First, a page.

DataONE Authentication

In the above example, the end-user provides a username and password to authenticate themselves, while the web-server authenticates itself to the end-user using a certificate. This approach doesn’t work in the distributed DataONE environment, where servers communicate with other servers, as well as end-users. Instead, DataONE relies on both end-users and servers (the MNs and CNs) to use these X.509 certificates to authenticate themselves, and relies on CILogon to provide certificates to end-users.

The use of CILogon has two main advantages for end-users. First, they can use existing accounts to obtain certificates, so don’t need to create and remember another username and password combination. Second, once they have downloaded the certificate, it will secure connections with all DataONE nodes throughout the day, and can be used by multiple DataONE applications. This technique is known as single-sign-on.

CILogon certificates issued for DataONE also have a third feature: they include additional DataONE Subjects mapped to the certificate’s Subject through DataONE’s identity management service, the DataONE Portal. In a nutshell, a DataONE identity is the set of user accounts and groups that a person maintains.

For more information on CILogon see their FAQ.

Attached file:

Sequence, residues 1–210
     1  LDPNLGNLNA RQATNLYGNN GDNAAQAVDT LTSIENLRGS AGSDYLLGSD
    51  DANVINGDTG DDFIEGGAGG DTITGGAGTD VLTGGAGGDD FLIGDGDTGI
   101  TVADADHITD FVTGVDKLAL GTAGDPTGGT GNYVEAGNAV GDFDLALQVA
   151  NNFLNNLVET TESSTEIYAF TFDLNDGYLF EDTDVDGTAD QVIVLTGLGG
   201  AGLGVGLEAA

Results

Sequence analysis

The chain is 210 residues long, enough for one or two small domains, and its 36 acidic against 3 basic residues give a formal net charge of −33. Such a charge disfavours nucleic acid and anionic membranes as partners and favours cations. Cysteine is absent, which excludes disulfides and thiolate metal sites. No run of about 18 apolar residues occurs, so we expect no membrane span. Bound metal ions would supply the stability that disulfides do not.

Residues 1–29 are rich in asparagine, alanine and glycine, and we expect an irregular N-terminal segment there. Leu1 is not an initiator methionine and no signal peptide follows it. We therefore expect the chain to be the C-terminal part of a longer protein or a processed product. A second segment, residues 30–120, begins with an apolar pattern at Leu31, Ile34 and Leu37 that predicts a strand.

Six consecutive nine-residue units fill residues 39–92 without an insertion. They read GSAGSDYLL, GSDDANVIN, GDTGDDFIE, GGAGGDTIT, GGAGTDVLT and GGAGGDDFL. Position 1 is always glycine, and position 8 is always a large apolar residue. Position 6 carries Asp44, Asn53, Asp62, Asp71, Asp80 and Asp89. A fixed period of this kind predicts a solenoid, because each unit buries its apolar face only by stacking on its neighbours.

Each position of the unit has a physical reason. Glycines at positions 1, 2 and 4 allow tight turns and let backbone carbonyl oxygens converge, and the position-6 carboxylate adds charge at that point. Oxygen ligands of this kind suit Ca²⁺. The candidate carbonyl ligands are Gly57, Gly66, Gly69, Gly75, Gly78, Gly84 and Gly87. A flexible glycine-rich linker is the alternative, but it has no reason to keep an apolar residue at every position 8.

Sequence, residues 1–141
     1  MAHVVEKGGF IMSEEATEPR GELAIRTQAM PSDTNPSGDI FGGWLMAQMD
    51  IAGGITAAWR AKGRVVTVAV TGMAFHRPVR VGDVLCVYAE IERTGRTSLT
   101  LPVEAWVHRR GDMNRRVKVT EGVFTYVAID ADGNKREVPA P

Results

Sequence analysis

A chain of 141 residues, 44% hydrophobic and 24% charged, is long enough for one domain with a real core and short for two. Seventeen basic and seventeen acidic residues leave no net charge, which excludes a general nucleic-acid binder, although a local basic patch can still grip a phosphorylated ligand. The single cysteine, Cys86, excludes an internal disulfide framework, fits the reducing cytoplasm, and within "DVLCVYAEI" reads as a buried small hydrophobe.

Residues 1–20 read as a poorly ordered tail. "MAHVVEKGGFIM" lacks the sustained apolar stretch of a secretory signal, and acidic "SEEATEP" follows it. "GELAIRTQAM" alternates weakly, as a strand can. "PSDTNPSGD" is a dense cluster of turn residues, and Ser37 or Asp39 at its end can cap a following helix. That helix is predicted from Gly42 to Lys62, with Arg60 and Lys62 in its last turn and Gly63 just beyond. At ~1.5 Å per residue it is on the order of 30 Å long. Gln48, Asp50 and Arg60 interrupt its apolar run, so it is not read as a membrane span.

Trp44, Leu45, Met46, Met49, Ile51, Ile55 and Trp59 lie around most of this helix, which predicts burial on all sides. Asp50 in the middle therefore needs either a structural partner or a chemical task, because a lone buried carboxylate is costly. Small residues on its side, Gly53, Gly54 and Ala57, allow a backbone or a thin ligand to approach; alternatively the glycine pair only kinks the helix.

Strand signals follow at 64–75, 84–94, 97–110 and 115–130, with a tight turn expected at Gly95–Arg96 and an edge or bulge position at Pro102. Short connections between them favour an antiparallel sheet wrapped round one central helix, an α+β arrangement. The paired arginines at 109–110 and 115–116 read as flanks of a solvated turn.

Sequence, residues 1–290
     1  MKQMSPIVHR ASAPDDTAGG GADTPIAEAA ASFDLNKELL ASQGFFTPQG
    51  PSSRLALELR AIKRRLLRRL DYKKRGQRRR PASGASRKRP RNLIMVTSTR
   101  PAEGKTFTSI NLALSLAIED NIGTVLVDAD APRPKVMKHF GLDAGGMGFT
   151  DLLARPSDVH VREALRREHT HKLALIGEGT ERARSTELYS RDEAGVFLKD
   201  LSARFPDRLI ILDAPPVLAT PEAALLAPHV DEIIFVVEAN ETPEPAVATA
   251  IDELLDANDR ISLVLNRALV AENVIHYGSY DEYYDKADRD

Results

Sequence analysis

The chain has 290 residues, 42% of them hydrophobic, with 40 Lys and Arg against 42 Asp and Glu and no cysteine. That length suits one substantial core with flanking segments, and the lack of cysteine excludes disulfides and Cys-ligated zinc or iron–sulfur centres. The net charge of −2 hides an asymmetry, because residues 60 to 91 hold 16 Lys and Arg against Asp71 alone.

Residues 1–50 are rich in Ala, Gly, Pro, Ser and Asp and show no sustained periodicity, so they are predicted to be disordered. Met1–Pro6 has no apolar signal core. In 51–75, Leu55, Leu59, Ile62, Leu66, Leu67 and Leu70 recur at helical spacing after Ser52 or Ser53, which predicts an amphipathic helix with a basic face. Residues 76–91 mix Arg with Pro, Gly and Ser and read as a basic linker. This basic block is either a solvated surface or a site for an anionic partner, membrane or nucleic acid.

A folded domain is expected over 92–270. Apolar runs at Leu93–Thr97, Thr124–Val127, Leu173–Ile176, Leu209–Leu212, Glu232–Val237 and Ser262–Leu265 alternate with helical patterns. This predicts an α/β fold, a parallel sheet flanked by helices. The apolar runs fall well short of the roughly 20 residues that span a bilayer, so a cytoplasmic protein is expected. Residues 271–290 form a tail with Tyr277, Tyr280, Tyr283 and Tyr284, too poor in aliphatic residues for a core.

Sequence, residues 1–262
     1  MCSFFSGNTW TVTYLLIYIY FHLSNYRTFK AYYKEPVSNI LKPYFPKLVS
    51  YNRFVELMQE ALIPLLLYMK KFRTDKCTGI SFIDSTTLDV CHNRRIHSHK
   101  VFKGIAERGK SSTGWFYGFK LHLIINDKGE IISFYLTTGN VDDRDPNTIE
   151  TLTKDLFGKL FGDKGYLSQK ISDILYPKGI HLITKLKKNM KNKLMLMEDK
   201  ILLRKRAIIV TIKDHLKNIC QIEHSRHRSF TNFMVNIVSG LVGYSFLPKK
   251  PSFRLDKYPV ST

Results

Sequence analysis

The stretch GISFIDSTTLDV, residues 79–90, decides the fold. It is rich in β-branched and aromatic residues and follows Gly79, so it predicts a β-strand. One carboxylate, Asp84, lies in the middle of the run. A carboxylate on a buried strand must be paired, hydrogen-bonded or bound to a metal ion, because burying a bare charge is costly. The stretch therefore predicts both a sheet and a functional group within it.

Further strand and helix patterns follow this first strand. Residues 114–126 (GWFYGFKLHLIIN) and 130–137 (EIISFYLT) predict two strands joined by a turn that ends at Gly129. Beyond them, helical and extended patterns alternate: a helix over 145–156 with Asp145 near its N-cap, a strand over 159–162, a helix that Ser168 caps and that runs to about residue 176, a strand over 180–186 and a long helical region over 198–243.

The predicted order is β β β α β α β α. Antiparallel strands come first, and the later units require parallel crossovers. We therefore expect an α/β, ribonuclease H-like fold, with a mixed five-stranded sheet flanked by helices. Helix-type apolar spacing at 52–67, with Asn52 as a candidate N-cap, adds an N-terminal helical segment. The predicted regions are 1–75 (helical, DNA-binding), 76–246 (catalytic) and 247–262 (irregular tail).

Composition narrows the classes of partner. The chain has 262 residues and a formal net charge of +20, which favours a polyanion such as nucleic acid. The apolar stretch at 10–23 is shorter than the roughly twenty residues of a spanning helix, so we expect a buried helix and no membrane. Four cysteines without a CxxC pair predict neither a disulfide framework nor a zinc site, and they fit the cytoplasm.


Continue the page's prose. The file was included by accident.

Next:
The DataONE landing page for CILogon is here.

Member Node Certificates

Member Nodes cannot not use CILogon certificates to make calls to other DataONE nodes (as they are short-lived), but rather they use long-lived X.509 certificates issued by DataONE when they register their node with the DataONE network. Note that this DataONE-signed certificate is only used for initiating requests, and is not used when responding to requests. In other words, it is used only when the Member Node is as acting as a client making requests. In this situation, the connection manager it uses for the request will receive a commercially-signed certificate from the other DataONE Node during the request handshake, and so no special trust needs to be set up.

Note that the behavior of the “other DataONE Node” from above is the same behavior the Member Node needs when responding to DataONE service API requests. This certificate is known as the Member Node’s server certificate.

In short, Member Nodes (and Coordinating Nodes) acts both as a client and as a server. In its client role, the Member Node uses its DataONE issued and signed certificate, and needs to trust only commercially signed certificates. In its server role, it needs to accept CILogon-issued-commercially-signed certificates as well as DataONE signed certificates from requesters, and respond with a commercially-signed certificate of its own.

Trust Relationships

Below illustrates the certificates used for making requests...

Client / Requester requests using request cert. type
End-user CILogon-signed cert. short-lived, commercial
Coordinating Node DataONE-signed cert. long-lived, non-commercial
Member Node DataONE-signed cert. long-lived, non-commercial

... and the certificates given in response.

Server responds with
Coordinating Node commercially-signed cert
Member Node commercially-signed cert

Regarding Commercially-Signed Certificates

Client applications use client connection managers to set up the SSL connection that will exchange certificates, and most connection managers come configured with mostly the same set of CAs that they trust. However, the overlap is not complete, so Member Nodes should take extra care to test that their server certificate is widely trusted by all major browsers, (Java) JVMs, and OS-specific trust-stores, so that their data is most widely accessible.